Executives leading Irish start-ups who left pensionable jobs and are existing solely on salaries and share options should not have to pay income tax for their gains, urged leading venture capitalist Barry Maloney of Balderton Capital, who has invested in firms like Bebo and Big Fish Games.
Speaking at KPMG’s ‘Switched On for Growth, Financing Innovative Companies’ conference in Dublin this morning, Maloney gave a valuable insight into the workings of venture capital firms.
“Our model is to try and apply business skills and take advantage of the mistakes we’ve made in the past. If anything you need coaching skills to do what we do,” Maloney said, adding that empathy is an important characteristic of an instinctive investor.
He said that Balderton’s typical deal size ranges from €100,000 up to €50m. “We like building companies from the ground up and take them through the various life cycles. We don’t take on personal money because the average life cycle is eight years. What people don’t realise is often the IPO is the start of the journey, not the end of it. So we look to invest in longevity and make sure we can get the company through the various cycles.
High risk, high return
“It is a high-risk, high-return strategy, we are looking for deals that can make 10 times the money we put in,” said Maloney, who previously headed up Esat Digifone in Ireland. “Thirty to 40pc of deals you finance are going to fail.”
He said that venture capitalists are looking for deals that are capable of scaling internationally and unlike their French and German counterparts, the lack of a large national marketplace means Irish companies have the advantage of thinking globally from day one. “We put 20pc of our investment into Irish companies for that reason and my partners recognise that. There is an ambition deficit in Europe compared to the reality deficit in the US, it is important that venture capitalists are in it for the long haul.
“When you are early stage investing, you are really investing in a slide show, an idea and an entrepreneur – it’s a crapshoot. Early stage investing is an art, not a science, and often you are betting on passion and the key.
“Another thing we are looking for is realism, that you are capable of building a management team, communicate that you want to be rich, not famous – you wouldn’t believe how many entrepreneurs destroyed companies because they always wanted to be the boss. The founder may be important to the whole life cycle but sometimes the role needs to change.”
Digital – it’s in our DNA
In terms of strengths and weaknesses, London-based Maloney said that the technical skills in Ireland are as good as anywhere else in the world, that engineering skills are top of the game. Where the country struggles is sales and marketing skills, scaling the business and the discipline of product management in terms of staying ahead of the cycle in terms of product pricing and positioning. “In Ireland, people think of marketing as advertising.”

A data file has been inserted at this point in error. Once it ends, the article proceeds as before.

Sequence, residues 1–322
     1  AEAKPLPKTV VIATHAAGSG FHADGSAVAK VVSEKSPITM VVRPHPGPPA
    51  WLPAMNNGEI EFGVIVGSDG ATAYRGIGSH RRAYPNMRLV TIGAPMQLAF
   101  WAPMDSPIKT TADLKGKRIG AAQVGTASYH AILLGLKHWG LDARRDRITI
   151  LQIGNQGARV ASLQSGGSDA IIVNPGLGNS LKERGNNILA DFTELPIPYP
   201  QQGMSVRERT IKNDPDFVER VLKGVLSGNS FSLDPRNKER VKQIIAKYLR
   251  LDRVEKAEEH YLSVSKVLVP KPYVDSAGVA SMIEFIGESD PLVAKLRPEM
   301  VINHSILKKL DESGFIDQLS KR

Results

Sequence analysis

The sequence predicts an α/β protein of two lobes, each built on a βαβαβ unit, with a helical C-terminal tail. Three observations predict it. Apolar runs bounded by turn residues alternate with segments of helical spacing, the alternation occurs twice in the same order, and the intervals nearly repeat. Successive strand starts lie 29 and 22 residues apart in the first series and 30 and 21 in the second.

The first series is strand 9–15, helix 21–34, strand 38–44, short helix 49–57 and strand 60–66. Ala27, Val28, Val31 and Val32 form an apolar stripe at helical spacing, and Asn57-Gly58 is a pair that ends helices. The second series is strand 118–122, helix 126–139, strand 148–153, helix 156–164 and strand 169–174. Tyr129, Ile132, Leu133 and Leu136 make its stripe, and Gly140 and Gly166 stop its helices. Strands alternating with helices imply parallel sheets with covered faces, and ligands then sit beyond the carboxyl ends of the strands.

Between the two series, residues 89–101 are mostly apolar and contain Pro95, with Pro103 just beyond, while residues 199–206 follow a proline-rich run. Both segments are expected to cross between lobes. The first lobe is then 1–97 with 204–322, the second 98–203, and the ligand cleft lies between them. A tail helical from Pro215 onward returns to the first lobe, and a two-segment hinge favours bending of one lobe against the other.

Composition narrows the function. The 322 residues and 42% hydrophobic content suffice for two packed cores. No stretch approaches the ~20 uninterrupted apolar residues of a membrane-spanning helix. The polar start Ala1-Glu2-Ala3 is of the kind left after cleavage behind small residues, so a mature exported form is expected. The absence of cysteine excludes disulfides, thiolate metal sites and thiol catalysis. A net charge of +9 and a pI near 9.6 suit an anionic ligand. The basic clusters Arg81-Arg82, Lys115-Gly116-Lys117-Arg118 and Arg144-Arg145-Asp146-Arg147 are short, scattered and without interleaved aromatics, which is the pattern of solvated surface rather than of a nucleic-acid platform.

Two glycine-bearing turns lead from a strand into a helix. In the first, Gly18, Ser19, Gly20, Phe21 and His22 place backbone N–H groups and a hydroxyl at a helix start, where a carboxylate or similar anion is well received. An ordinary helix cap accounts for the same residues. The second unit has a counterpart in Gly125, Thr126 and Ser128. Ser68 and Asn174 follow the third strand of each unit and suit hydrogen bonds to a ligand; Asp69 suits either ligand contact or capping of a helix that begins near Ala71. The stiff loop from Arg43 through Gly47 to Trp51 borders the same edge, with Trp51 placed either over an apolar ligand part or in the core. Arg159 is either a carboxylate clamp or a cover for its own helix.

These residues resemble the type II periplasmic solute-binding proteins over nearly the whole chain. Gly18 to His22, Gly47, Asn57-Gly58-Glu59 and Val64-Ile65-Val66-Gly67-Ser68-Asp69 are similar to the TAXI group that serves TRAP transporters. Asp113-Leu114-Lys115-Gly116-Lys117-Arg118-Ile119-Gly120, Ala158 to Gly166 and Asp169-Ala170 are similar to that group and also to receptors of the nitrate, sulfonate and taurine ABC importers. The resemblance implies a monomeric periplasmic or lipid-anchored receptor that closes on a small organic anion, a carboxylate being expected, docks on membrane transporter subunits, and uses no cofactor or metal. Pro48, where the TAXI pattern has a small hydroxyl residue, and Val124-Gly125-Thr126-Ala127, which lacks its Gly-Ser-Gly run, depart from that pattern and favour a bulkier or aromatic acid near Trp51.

He went on: “One of the reasons why Ireland is so attractive to investors is the presence of large multinationals. When I worked at Digital Equipment Corporation in Galway, when the company shut down, it was declared a national disaster, but the net result was so many guys went out there and set up their own companies. That is the DNA that is out there because of the multinationals.”
Maloney said that in terms of the Innovation Taskforce report from earlier this year, one of the key initiatives that must be acted upon is the need to stop taxing stock options for entrepreneurs. “This would cost the country nothing and provide a positive impact on the entrepreneur who exists on salary only and has sacrificed their pension.”
Anna Scally of KPMG, who was member of the Innovation Taskforce committee on taxation, agreed with Maloney: “In terms of taxes aimed at entrepreneurs, there is definitely an issue with stock options. We interviewed over 110 people but the idea of dropping taxes on stock options falls on deaf ears. Capital gains tax is the right result.”
She said that it was imperative the country fields more and more start-ups and that resolving the seeding issue is important, otherwise we could face a dearth of start-ups. “To get success at the top we need more and more start-ups at the bottom.”
Maloney said the journey of a start-up to success can often take several years and while Irish cultural attitudes to entrepreneurs have improved, friends and family patience is still an issue.
Keep the wolf from the door
“Most entrepreneurs who are existing on salaries only having invested their pensions survive on the buzz. But then they go home and their husband or wife would say that they’ve been at this eight years, you have a salary but where’s the beef? This creates tension.
“From an investor perspective, we don’t need them to be rich but it would help to get the bank manager off their back so that they’re not worrying about paying the bills but about getting the next customer. Domestic stress – I see it more than ever before. It is real and we need to find ways of alleviating that – taxes are important.”
Scally agreed: “We need to make it easier for entrepreneurs to succeed.
“One of the lesser known recommendations of the Innovation Task Force was to facilitate ways of getting money for individuals who start up companies in a better way, keep them comfortable, keep the wolf from the door, save the wife from giving out and make it easier for the entrepreneur to succeed.”